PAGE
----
The Tomorrow Man Review
Noble Jones' 'The Tomorrow Man' looks good and features some great performances, but ultimately falls flat.
Ed Hemsler spends his life preparing for a disaster that may never come. Ronnie Meisner spends her life shopping for things she may never use. In a small. These two people will try to find love.
Director: Noble Jones
Screenwriter: Noble Jones
Producers: Nicolaas Bertilsen, Tony Lipp, Luke Rivett, James Schamus
Cast: John Lithgow (Ed), Blythe Danner (Ronnie), Derek Cecil (Brian), Katie Aselton (Janet), Sophie Thatcher (Jeanine), Eve Harlow (Tina), Wendy Makkena (Beverly St. Michaels)
Editors: Zimo Huang, Glen Scantlebury
Cinematographer: Noble Jones
Production Designer: Patrick M. Sullivan Jr.
Casting Director: Hannah Cooper
Music Score: Paul Leonard-Morgan
Music videos seem to be a good entryway into feature filmmaking. David Fincher and Spike Jonze are two of the more recognizable directors who began their careers doing music videos. Now, after more than a decade making promotional clips for artists like Keith Urban and Taylor Swift, filmmaker Noble Jones makes his feature film debut with The Tomorrow Man.
The Tomorrow Man is about a man named Ed Hemsler (Pet Sematary’s John Lithgow) who spends his days stocking his bomb shelter and preparing for doomsday. One day, while buying supplies at the local grocery store, he notices a woman named Ronnie Meisner (Blythe Danner from I’ll See You in My Dreams) who seems to be stocking up on things herself. Thinking that he has found a kindred spirit, Ed introduces himself, but soon learns that Ronnie is not a doomsday prepper, but a hoarder. Still, the couple begins an odd little relationship during which they learn about themselves as much as they learn about each other.
There’s a weird tone to The Tomorrow Man. On the one hand, it’s a quirky December-December romance, but there’s a dark streak that runs through it that seems really out of place. That dark streak is probably what will attract some viewers to the movie, but it will alienate others. The pacing is awkward and slow, and it all culminates in an ending that feels like it was written first, with the whole rest of the movie existing solely as filler to get to that one moment. And, in this case, that’s not really a compliment.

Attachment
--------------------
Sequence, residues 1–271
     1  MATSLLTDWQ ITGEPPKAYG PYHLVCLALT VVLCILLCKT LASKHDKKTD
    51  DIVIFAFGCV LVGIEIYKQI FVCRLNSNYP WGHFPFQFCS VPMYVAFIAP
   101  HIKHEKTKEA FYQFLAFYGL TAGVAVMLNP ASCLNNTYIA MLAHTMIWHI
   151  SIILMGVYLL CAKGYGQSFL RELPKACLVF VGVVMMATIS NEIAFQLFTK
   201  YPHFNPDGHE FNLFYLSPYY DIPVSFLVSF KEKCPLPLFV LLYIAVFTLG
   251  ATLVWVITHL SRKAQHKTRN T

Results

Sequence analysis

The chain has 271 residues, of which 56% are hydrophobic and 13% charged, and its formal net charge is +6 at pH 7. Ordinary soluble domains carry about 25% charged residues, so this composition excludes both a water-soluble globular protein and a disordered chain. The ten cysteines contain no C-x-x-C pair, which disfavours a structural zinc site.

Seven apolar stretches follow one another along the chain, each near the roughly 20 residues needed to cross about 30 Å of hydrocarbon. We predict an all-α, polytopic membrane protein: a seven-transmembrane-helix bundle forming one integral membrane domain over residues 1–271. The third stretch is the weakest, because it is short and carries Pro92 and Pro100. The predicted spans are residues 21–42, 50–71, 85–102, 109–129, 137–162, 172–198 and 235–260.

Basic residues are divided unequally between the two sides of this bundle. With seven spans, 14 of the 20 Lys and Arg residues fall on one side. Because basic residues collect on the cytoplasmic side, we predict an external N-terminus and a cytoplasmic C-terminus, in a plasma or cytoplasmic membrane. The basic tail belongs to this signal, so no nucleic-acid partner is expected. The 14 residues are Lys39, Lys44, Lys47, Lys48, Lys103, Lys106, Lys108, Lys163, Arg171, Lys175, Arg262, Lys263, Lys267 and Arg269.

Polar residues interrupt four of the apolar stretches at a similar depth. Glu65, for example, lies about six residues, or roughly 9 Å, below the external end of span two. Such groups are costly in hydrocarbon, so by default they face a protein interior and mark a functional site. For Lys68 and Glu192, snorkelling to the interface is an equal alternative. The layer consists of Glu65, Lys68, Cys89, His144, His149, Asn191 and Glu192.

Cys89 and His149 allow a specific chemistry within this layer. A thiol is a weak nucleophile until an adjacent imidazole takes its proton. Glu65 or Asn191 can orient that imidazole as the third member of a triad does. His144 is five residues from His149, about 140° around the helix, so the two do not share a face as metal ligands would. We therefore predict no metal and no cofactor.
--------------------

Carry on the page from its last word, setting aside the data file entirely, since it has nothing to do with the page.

There is another scene besides the ending that functions as a centerpiece for the film. At one point, Ed and Ronnie are sitting around a campfire and Ed lays out a day-by-day, month-by-month scenario of a nuclear holocaust that, frankly, seems more like a news report than the rantings of a doomsday seer. It’s all too real for today’s climate of political unrest, and it seems like the type of scene that Noble Jones was just itching to write, especially with the intention of having John Lithgow recite the speech.
Predictably, the strongest aspect of The Tomorrow Man lies within he performances of the two leads. Lithgow’s conspiracy theorist Ed is a complete nutjob, estranged from his family and thinking that his television is talking directly to him. Danner’s introverted loner Ronnie is more sympathetic, yet just as neurotic, and the pair together form a fun yin-and-yang, bringing out the best of each other while stifling the worst. At least, they do for most of the movie. Of course there’s conflict, but not enough to get the audience to root against either one of them. It’s all very safe.
Noble Jones knows his way around a camera and has a sharp eye for imagery (he acted as his own cinematographer for the film), so visually, The Tomorrow Man looks great. It’s also got the best unironic use of “Muskrat Love” in recent memory. And it’s very timely – Ed’s fireside talk is not the only scene in the film that echoes modern sentiments and anxieties about the direction in which the county is staggering. Despite all of this, The Tomorrow Man still feels stale and flat. The flashes of brilliance don’t outweigh the mire and muck, but they do give a reason to keep an eye out for Jones’ next project. Even if it’s another music video.